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Publication numberUS359802 A
Publication typeGrant
Publication dateMar 22, 1887
Publication numberUS 359802 A, US 359802A, US-A-359802, US359802 A, US359802A
InventorsEugene O. Mcglaltflin
Original AssigneeF one
Export CitationBiBTeX, EndNote, RefMan
External Links: USPTO, USPTO Assignment, Espacenet
Eugene o
US 359802 A
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Description  (OCR text may contain errors)

(No Model.) 2 Sheets-Sheet '1.


No. 359,802. Patented Mar. 22, 1887.

2 Sheets-Sheet 2.

N D mm mm A GB 0 B n m Mm d o M 0 W Patented Mar. 22, 1887.




SPECIFICATION forming part of Letters Patent No. 359,802, dated March 22, 1887.

Application filed November 16, 1856. Serial No. 218.1 {No model.)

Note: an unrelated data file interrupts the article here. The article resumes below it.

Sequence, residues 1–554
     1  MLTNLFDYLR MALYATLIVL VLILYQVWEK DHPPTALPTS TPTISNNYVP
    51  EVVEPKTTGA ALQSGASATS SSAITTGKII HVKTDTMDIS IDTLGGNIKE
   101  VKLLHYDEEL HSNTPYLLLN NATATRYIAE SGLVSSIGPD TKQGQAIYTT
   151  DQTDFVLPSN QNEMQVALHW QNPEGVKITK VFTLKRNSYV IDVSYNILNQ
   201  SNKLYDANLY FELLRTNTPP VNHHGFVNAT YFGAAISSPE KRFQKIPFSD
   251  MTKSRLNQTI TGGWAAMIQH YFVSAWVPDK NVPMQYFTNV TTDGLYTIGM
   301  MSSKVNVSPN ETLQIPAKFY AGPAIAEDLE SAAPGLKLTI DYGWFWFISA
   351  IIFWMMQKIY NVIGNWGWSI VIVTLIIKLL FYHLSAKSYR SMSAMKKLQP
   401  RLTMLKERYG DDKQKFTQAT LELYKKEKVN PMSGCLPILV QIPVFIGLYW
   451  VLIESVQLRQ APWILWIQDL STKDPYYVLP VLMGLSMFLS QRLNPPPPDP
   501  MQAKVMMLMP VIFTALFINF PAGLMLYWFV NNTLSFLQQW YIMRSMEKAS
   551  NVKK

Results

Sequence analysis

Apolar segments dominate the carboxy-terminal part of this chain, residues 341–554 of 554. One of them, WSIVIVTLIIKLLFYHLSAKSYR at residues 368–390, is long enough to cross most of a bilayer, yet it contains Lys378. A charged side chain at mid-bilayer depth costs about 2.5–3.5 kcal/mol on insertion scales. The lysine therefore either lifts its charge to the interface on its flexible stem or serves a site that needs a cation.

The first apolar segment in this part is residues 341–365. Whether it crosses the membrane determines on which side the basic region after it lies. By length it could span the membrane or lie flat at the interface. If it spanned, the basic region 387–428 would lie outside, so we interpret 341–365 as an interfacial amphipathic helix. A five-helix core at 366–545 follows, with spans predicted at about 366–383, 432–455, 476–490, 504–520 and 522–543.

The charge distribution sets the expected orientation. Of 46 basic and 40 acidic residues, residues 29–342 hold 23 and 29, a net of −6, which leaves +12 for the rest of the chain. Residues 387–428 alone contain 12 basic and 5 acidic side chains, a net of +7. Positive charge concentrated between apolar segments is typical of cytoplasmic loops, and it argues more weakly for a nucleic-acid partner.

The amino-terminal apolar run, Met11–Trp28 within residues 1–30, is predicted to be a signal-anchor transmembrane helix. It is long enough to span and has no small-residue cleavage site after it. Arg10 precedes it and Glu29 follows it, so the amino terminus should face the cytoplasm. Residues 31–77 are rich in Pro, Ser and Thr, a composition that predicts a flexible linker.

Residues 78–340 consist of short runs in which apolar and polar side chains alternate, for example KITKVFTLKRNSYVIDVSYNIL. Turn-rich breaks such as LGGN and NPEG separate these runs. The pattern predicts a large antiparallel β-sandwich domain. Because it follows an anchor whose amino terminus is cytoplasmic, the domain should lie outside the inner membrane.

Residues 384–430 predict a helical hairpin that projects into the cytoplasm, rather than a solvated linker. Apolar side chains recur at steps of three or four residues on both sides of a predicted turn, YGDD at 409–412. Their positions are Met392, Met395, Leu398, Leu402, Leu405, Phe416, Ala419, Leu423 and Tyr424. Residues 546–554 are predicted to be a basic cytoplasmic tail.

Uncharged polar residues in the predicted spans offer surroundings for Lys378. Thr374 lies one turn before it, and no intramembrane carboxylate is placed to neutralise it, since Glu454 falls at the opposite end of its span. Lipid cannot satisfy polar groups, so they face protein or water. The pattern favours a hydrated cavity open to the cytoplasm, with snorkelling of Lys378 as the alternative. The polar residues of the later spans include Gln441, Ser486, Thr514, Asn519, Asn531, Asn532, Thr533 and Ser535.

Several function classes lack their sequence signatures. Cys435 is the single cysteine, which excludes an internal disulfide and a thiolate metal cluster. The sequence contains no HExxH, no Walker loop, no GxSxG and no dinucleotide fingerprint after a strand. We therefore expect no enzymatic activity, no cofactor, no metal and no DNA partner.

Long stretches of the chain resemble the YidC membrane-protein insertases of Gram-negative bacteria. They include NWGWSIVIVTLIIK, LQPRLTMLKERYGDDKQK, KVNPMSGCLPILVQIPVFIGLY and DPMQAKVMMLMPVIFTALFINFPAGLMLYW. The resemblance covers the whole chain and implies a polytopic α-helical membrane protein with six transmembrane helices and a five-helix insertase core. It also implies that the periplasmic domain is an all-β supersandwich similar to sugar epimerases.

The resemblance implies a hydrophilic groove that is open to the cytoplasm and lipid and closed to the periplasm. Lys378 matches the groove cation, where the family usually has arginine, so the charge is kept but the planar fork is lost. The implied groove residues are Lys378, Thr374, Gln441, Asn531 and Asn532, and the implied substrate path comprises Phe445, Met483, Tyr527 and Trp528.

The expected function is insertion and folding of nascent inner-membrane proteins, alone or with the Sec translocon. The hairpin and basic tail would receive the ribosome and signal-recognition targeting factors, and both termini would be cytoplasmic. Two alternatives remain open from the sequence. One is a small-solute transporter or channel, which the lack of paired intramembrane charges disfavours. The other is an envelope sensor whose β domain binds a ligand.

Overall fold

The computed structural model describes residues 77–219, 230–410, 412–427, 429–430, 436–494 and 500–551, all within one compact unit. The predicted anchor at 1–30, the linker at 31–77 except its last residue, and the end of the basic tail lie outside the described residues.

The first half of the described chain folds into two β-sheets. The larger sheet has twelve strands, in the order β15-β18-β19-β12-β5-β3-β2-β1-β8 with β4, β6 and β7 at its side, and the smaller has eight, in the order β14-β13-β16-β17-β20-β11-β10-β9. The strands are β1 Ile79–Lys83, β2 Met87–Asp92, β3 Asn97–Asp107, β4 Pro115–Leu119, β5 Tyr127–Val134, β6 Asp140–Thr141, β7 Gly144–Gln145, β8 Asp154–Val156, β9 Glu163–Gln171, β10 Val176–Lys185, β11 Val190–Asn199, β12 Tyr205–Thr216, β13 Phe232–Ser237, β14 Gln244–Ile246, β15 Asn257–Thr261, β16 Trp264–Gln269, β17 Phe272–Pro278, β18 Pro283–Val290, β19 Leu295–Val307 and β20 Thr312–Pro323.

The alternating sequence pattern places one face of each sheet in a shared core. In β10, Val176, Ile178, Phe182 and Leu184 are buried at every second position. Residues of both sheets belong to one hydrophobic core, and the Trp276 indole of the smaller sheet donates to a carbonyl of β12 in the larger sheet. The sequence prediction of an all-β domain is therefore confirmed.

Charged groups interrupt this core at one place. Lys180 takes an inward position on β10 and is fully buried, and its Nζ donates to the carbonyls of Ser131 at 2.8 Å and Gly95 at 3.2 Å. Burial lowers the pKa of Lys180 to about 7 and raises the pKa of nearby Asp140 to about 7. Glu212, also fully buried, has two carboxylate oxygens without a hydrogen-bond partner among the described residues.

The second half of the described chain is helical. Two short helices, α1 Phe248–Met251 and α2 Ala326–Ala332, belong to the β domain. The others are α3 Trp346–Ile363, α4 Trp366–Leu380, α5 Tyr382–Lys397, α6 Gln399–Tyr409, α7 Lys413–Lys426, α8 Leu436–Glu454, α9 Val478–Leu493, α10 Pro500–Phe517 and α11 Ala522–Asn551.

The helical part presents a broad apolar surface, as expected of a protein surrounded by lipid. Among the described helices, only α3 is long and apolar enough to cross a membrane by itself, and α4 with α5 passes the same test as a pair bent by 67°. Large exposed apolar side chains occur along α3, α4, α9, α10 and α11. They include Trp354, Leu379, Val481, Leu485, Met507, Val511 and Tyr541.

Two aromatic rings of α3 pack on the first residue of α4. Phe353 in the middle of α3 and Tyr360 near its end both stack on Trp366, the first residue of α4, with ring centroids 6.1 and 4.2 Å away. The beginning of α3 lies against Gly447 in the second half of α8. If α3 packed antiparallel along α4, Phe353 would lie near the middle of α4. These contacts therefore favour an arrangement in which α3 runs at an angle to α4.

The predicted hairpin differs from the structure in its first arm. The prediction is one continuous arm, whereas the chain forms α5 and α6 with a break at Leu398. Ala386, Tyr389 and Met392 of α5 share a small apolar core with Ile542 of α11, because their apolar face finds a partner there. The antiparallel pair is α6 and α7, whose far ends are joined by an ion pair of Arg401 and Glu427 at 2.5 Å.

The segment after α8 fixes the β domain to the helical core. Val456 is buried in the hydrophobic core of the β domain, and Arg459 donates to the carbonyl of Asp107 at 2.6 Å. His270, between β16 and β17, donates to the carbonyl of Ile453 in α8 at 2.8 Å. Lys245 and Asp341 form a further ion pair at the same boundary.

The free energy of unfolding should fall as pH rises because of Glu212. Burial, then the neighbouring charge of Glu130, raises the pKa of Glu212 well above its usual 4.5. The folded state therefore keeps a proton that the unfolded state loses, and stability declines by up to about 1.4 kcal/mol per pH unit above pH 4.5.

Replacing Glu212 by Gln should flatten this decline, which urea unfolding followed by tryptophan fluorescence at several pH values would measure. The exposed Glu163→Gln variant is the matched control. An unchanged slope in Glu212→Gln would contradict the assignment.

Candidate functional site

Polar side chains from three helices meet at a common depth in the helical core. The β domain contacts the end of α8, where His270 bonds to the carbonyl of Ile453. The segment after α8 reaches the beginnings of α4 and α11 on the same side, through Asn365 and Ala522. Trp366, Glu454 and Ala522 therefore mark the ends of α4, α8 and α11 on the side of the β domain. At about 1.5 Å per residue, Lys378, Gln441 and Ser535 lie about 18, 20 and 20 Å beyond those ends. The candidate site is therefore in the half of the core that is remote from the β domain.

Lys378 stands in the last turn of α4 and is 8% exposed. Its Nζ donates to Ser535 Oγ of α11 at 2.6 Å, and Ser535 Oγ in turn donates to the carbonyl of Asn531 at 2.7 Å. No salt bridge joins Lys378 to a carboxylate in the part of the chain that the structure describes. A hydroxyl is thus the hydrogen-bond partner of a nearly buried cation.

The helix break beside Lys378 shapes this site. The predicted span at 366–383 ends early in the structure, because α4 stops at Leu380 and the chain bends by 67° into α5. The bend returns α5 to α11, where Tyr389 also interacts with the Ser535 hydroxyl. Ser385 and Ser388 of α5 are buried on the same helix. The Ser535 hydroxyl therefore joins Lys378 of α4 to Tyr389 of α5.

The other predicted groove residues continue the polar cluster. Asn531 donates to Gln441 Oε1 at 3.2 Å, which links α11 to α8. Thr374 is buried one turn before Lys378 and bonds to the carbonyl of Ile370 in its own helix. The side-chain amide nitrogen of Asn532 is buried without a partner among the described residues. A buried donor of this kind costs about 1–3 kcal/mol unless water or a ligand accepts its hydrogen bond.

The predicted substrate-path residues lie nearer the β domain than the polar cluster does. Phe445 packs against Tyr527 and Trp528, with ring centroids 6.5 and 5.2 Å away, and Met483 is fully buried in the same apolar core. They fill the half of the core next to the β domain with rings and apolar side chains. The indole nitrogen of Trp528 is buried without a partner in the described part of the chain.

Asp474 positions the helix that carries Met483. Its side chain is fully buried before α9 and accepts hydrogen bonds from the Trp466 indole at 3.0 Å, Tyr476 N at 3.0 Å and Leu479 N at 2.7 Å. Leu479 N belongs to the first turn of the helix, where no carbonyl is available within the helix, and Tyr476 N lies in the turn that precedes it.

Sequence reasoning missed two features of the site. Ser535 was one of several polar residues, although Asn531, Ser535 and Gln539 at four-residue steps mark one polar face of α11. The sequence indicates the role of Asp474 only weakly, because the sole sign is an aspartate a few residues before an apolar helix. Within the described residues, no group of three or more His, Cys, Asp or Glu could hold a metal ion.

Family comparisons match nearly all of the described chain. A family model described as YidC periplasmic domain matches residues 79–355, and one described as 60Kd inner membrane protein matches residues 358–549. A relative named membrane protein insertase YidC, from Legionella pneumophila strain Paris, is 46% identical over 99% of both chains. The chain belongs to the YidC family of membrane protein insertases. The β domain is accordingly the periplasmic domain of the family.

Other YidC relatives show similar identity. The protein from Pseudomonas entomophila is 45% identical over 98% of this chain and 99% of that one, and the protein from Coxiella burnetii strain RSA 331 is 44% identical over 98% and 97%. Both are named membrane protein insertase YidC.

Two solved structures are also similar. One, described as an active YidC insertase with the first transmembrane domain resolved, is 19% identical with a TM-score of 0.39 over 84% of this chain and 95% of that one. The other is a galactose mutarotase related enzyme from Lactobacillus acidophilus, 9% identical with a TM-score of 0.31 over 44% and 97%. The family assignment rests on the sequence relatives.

1' 0 aZZ whom it may concern:

Beitknown that LEUGENE O. MQGLAUFLIN, of Minneapolis, in the county of Hennepin and State of Minnesota, have invented certain Improvements in Cable Roads, of which the following is a specification.

This invent-ion relates to improvements in that class of railroads that are commonly designated as cable roads, the cars being propelled by means of a cable that runs in a conduit below the surface of the road. One of the principal objections to these roads arises from the great expense of the conduit, which is new ally of large size, having the cable-supporting sheaves mounted in it, and requiring to be placed in an excavation of considerable depth.

One object of my invention is to provide an inexpensive conduit of suitable size to receive the cable and grip, while the sheaves are placed in chambers upon either side of the conduit, and project into it through openings in its walls. Such a conduit can be laid without making a large excavation.

Another object of theinvention is to provide means for keeping the conduit clear of dust, dirt, snow, ice, or other material.

Other objects of the invention will appear from the following detailed description.